It’s not exactly a giant extended middle finger pointed Apple’s way, but it’s not not that, either.
After an extended absence, Fortnite is back on Apple devices, and Epic Games has Microsoft to thank. The company’s Xbox Cloud Gaming service expanded on Thursday to add the hit battle royale game. And since the Xbox cloud service is accessible through Chrome, an Apple-supported browser, Fortnite is once again playable on iPhones and iPads after it became a casualty of a legal dispute between Apple and Epic. It’s also playable on Android in the same way.
There’s an added twist here, too, and it spells even better news for fans: You don’t need to spend a dime. Until now, Xbox Cloud Gaming has only been available to paid Game Pass subscribers. But Fortnite arrives alongside a major change in the way the service operates, with Microsoft removing the subscription requirement for free-to-play games (like Fortnite).
How to play Fortnite for free on your phone or tablet
Getting started is easy. Head over to xbox.com/play in the Chrome app on your iOS, iPadOS, or Android device. From there, sign into your Microsoft account (or create one) and choose Fortnite. (You’ll see other games listed, but for now Fortnite is the only free option.) That’s it, though. Follow these steps and you’ll be up and running.
The plan is to add more free-to-play games over time, Microsoft’s announcement confirms: “At Xbox we want to make gaming accessible to the 3 billion players around the world, and cloud has an important role in that mission.” There’s no timetable for when more games will be added, but that’s the plan.
Fortnite is a sensible place to start given that it’s one of the biggest and most popular games on the planet. But the effective skirting of Apple’s ban, which came after a contentious legal struggle between dueling tech giants, is its own sort of statement.
What happened between Apple and Epic?
The legal dispute between Apple and Epic centered on the way the former makes money off of third-party App Store releases. Apple claims as much as a 30 percent cut of every dollar spent both on non-Apple apps themselves and their in-app purchases. What’s more, the company’s policy prohibits developers from giving their customers an alternate means of purchase, say via a browser, as a way of getting around the Apple platform fees.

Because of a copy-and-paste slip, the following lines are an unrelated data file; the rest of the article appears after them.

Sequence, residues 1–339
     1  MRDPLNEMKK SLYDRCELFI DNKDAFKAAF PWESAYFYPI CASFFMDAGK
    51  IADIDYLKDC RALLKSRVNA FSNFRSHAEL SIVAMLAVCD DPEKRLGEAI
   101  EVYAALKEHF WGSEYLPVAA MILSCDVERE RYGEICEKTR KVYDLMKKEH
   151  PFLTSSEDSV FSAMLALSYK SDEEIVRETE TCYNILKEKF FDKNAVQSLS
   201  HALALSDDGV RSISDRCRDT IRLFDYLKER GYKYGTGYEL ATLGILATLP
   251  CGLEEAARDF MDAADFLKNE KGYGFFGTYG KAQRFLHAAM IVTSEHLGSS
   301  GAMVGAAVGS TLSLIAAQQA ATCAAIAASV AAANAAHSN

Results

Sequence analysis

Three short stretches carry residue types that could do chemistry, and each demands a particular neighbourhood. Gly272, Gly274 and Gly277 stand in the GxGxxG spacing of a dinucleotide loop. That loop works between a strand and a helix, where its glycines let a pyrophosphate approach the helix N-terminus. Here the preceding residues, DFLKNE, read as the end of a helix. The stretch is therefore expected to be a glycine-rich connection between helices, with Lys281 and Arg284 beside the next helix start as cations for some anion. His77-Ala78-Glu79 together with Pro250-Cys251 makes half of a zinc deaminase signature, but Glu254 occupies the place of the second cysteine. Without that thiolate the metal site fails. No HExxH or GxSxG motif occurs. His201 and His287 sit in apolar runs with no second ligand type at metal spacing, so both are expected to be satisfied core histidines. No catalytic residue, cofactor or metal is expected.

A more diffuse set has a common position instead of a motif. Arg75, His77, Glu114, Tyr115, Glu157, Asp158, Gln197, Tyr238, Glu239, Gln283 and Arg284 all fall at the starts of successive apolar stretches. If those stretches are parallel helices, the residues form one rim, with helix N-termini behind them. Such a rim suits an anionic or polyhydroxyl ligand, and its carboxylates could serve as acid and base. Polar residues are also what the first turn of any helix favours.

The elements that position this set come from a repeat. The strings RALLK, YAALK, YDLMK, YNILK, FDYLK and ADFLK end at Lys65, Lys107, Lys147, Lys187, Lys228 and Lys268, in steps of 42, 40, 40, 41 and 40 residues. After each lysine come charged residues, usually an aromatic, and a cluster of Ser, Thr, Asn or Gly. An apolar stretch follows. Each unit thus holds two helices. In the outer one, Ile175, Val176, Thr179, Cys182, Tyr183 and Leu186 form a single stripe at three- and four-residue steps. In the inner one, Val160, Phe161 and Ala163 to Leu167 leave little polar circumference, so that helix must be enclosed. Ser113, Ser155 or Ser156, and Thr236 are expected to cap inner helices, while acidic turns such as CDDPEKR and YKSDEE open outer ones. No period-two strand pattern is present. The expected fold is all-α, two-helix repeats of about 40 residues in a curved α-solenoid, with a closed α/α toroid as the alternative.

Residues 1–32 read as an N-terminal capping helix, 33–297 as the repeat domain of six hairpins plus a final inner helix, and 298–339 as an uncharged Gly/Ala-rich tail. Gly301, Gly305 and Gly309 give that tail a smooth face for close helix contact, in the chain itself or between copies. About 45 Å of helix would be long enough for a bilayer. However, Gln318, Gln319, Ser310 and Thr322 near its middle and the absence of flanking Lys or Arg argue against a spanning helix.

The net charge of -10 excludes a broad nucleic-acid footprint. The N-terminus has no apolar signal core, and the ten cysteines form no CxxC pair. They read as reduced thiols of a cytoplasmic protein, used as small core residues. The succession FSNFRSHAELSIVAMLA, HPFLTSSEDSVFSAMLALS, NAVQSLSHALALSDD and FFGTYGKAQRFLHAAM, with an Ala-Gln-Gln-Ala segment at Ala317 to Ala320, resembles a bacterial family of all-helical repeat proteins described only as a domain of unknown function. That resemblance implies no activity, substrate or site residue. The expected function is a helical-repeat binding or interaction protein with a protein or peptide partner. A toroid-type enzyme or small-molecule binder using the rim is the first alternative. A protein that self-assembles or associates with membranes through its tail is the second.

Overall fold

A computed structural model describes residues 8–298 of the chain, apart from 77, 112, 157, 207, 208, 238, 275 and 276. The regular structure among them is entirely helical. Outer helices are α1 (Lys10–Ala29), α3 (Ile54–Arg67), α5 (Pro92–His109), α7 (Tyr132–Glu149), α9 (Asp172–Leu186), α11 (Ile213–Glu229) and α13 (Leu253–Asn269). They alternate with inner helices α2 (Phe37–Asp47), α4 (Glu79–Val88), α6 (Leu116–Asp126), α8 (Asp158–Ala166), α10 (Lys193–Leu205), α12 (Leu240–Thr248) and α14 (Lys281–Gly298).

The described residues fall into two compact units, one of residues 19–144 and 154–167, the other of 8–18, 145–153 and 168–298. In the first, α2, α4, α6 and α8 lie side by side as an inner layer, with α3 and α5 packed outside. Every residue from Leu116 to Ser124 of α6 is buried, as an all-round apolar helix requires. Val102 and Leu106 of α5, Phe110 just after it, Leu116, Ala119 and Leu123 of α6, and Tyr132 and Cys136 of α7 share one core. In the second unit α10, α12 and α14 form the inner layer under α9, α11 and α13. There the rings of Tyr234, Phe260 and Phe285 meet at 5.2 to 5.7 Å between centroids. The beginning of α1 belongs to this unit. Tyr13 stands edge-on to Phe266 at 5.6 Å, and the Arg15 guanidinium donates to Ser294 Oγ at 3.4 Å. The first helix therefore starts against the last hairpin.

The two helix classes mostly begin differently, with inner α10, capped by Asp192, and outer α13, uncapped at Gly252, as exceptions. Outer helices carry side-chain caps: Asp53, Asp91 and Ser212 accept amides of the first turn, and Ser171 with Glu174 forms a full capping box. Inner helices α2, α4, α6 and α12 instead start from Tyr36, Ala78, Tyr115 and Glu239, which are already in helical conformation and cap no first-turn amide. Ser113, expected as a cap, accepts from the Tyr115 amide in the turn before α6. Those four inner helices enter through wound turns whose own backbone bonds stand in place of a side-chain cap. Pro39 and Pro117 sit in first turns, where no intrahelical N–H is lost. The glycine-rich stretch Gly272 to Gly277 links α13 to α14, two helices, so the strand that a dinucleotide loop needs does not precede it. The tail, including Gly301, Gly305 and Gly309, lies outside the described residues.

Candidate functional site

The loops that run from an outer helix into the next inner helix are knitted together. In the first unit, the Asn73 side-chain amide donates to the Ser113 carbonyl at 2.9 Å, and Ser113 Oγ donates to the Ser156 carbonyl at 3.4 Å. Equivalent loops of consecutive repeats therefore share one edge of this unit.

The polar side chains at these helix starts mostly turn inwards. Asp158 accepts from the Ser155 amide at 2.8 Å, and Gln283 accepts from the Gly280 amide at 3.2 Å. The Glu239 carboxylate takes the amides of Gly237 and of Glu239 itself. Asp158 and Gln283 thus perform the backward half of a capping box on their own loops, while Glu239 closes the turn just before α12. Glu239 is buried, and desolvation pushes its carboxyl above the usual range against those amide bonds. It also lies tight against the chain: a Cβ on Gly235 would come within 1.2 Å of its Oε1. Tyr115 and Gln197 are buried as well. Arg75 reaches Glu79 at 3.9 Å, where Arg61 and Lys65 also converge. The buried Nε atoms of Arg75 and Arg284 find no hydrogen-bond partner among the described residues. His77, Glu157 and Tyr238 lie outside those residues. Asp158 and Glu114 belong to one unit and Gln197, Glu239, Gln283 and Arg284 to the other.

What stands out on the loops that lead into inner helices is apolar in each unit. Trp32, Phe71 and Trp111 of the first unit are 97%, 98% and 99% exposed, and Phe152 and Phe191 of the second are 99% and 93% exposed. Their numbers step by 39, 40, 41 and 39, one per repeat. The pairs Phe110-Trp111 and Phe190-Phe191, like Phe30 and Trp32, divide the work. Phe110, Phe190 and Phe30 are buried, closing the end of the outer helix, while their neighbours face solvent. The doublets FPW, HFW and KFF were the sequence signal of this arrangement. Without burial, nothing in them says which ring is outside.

Epic was shown the door after the Fortnite maker updated the game’s iOS app to advertise a discount on V-Bucks (in-game currency) purchases, but only if the purchase is made directly from Epic, beyond Apple’s reach. This incident is where the legal dispute has its origins.
The subsequent court proceedings handed a partial loss to Apple after a California court found the company to be in violation of a state law that guarantees transparency in the purchasing choices offered to consumers. The result is widely guarded as a win for antitrust advocates who worry about the power and reach of an oligarchical Big Tech space that is dominated primarily by a small number of massive corporate players.
Platform gatekeepers like Apple and Alphabet face the biggest potential impact from the decision, since both collect platform fees on App Store and Google Play Store sales. It’s hard to read Microsoft aligning itself with Epic and getting Fortnite back on Apple devices — and making it the first step in a larger initiative — as anything other than a knock on the iPhone maker’s inflexibility.
Microsoft has valid reasons to counter Apple. The addition of mobile browser support for Xbox Cloud Gaming was motivated in large part by the difficulties the Xbox maker faced in getting its own Game Pass app listed in the App Store. Since for-pay Game Pass streaming requires a subscription, Apple has no way to take a cut of the app’s earnings.
When the Xbox Cloud Gaming service revved up for launch in mid-2020, Microsoft’s effort to get listed on the App Store hit an unexpected obstacle: Under its app review and approval policy that gets new releases listed on the App Store, the iPhone maker wanted to review not just the Game Pass app itself, but the roughly 200 games featured in the catalog as well. (Never mind that no such requirement exists for streaming video apps like Netflix.)
That incident is what led Microsoft to speed up the work of adding browser support for Xbox Cloud Gaming. And now, with the Xbox-assisted launch of Fortnite on Apple platforms, it sure does seem like Microsoft and Epic are getting the last laugh.